Point is both a noun and a verb. It can mean different things in different contexts. Let’s look at some of those meanings.
the point (noun)
a) an idea, opinion, or piece of information that is said or written
You made some interesting points in your presentation.
b) an opinion or fact that deserves to be considered seriously, or that other people agree is true.
You’ve got a point there.
c) a particular time or stage in a process.
I was completely lost at one point.
d) a particular place.
This is a good point from which to watch the game.
e) purpose or usefulness
I’d like to write to him, but what’s the point? He never writes back.
f) a mark or unit for counting, especial how much a person or team has scored in a sport.
He scored the most points in the game.
g) the sharp end of something, such as a knife.
I sharpened my pencil to a point.
h) a particular quality or characteristic of a person or thing
I think her kindness is one of her strong points. (=one of her good qualities)
i) a long, thin area of land that stretches out into the sea
j) a small, round mark on a line, plan or map to show the position of something
Join the points A and B together on the diagram with a straight line.
to point (verb)
a) to direct other people’s attention to something by holding out your finger towards it.
“Look at this!” she said, pointing to a picture in her book.
b) to hold something out in the direction of someone or something.
He said that the man had pointed a knife at him.
c) if something points in a particular direction, it is turned towards that direction
The road sign points left.
|on the point of (doing) something||to be going to do something very soon||Just as we were on the point of giving up hope, a letter arrived.|
|make a point of doing something||to always do something or to take particular care to do something||She makes a point of keeping all her shopping receipts.|
|my point exactly||said in answer to something that someone has just said when you believe it yourself, or when you have said it yourself earlier.||“So even if we got the funding, we still couldn’t get the project started.” “My point exactly.”|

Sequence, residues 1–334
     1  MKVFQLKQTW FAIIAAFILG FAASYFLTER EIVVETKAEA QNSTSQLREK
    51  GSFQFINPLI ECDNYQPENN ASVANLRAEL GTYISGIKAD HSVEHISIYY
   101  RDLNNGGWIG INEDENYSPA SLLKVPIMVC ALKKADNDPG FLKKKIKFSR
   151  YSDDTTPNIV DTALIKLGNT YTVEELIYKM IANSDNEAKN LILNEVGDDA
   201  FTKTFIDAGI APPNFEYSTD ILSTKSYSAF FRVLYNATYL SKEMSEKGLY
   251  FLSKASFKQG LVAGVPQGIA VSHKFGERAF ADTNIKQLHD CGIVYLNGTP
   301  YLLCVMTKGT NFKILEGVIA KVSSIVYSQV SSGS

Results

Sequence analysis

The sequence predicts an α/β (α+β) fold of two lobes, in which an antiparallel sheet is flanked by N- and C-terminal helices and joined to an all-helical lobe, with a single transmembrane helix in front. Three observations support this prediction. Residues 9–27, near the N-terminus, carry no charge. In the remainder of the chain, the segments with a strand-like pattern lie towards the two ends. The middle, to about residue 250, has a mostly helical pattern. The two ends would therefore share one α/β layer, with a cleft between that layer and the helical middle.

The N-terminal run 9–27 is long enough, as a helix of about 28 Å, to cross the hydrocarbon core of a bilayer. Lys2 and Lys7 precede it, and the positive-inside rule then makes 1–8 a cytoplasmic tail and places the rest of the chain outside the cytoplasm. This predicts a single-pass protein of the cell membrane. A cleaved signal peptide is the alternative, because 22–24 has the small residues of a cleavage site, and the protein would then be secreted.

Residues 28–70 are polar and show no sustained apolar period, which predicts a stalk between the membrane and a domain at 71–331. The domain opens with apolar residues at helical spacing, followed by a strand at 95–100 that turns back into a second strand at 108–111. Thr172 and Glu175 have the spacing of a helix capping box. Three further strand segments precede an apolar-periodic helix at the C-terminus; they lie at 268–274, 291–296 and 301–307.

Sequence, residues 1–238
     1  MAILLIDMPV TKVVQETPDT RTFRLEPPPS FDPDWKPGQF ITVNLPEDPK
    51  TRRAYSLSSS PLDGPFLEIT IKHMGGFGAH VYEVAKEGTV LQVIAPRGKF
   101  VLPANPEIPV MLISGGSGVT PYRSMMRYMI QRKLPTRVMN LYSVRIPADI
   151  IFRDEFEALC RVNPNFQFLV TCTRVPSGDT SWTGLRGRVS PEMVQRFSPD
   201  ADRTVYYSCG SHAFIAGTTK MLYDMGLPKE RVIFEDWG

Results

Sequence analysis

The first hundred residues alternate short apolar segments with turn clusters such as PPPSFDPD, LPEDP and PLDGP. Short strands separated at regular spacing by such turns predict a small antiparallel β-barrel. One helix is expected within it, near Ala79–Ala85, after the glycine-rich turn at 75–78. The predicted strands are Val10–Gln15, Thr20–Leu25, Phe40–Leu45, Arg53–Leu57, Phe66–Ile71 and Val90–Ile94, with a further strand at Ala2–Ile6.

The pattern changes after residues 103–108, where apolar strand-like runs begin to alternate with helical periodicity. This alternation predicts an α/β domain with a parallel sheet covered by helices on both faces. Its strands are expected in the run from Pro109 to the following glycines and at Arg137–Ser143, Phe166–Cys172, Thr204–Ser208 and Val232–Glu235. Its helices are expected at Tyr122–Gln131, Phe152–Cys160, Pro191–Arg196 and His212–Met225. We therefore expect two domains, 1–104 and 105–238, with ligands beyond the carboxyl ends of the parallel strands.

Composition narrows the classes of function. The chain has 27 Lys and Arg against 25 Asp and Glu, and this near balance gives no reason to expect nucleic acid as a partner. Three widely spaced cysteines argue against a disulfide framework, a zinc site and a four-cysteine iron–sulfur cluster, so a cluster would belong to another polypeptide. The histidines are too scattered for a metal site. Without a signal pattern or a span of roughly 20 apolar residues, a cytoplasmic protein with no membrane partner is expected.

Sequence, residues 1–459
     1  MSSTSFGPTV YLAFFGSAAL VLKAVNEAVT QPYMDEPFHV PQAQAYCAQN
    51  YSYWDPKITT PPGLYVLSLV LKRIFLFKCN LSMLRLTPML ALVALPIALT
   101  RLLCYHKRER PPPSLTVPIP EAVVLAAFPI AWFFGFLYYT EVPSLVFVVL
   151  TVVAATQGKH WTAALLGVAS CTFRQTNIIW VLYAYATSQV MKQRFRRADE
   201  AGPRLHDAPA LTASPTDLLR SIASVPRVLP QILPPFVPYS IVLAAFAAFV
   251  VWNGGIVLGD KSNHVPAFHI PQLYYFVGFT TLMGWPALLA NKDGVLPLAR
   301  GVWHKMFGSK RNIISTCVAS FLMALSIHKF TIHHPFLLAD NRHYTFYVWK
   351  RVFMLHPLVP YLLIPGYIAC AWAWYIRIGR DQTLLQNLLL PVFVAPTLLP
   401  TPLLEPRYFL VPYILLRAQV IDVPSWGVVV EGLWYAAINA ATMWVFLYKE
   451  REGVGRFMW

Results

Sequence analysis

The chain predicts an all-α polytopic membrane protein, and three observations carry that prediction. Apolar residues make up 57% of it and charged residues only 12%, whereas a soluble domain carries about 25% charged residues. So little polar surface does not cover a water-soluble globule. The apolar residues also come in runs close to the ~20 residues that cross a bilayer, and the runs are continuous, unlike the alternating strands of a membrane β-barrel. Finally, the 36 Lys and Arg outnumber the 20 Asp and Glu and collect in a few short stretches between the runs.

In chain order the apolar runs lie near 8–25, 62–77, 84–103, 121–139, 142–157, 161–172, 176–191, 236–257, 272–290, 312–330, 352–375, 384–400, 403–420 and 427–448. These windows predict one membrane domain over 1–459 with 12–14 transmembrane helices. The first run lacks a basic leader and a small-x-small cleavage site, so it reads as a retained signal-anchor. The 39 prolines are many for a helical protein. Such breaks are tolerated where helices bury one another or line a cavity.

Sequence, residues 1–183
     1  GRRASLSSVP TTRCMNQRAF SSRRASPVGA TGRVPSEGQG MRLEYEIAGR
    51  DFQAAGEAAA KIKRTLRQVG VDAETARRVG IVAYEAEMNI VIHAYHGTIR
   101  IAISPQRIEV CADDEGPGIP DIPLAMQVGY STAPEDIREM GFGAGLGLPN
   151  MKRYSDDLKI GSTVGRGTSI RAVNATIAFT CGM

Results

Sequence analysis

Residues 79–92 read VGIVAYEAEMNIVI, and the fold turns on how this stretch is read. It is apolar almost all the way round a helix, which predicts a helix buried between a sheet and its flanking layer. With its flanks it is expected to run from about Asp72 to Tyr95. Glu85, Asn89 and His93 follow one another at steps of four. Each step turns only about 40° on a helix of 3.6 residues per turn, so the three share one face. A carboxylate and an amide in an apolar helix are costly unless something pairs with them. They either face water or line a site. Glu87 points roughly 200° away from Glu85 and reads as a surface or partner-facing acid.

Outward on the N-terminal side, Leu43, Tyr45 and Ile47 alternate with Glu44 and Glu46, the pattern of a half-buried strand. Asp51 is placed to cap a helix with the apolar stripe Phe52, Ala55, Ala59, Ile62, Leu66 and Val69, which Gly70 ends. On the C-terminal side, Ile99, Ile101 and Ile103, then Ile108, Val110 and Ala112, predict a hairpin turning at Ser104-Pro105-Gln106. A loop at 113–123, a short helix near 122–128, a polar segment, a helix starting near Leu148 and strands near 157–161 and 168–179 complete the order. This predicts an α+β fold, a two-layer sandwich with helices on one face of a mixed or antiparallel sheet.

|on point||as good as it could be; perfect.||Her dance performance was on point.|
|to the point||expressing something very important or suitable for the subject being discussed.||His feedback on my work was very apt and to the point.|
|up to a point||partly, or to a limited degree.||Of course there is some truth in all this, but only up to a point.|
|point someone towards/in the direction of something.||to suggest that someone should do or buy a particular thing.||Can you point me in the direction of the closest bank?|
Here are some examples of phrases with the word point.
|the/somebody’s point||the meaning or most important part of what someone says or writes||Please get to the point.|
|beside the point||not important or not related to the subject being discussed.||That’s beside the point.|
|that’s a (good) point||said to show that what someone has just said is true or important.||“We’ll take the train.” “But we don’t have any money for the fare.” “That’s a good point.”|
|boiling, melting, freezing point||the temperature at which a substance boils, melts, freezes, etc.||The boiling point of water is 100 degrees Celsius.|
How would you caption the picture above using the word POINT? Add your caption to the comments below.